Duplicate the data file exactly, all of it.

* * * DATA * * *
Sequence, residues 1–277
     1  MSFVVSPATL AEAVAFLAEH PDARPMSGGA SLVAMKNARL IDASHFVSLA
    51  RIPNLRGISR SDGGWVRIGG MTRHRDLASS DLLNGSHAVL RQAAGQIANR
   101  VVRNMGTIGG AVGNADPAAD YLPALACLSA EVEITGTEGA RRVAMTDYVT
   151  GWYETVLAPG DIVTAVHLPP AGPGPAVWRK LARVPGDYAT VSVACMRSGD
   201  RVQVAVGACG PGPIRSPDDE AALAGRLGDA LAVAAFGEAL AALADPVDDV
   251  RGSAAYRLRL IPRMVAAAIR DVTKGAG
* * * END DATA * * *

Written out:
Sequence, residues 1–277
     1  MSFVVSPATL AEAVAFLAEH PDARPMSGGA SLVAMKNARL IDASHFVSLA
    51  RIPNLRGISR SDGGWVRIGG MTRHRDLASS DLLNGSHAVL RQAAGQIANR
   101  VVRNMGTIGG AVGNADPAAD YLPALACLSA EVEITGTEGA RRVAMTDYVT
   151  GWYETVLAPG DIVTAVHLPP AGPGPAVWRK LARVPGDYAT VSVACMRSGD
   201  RVQVAVGACG PGPIRSPDDE AALAGRLGDA LAVAAFGEAL AALADPVDDV
   251  RGSAAYRLRL IPRMVAAAIR DVTKGAG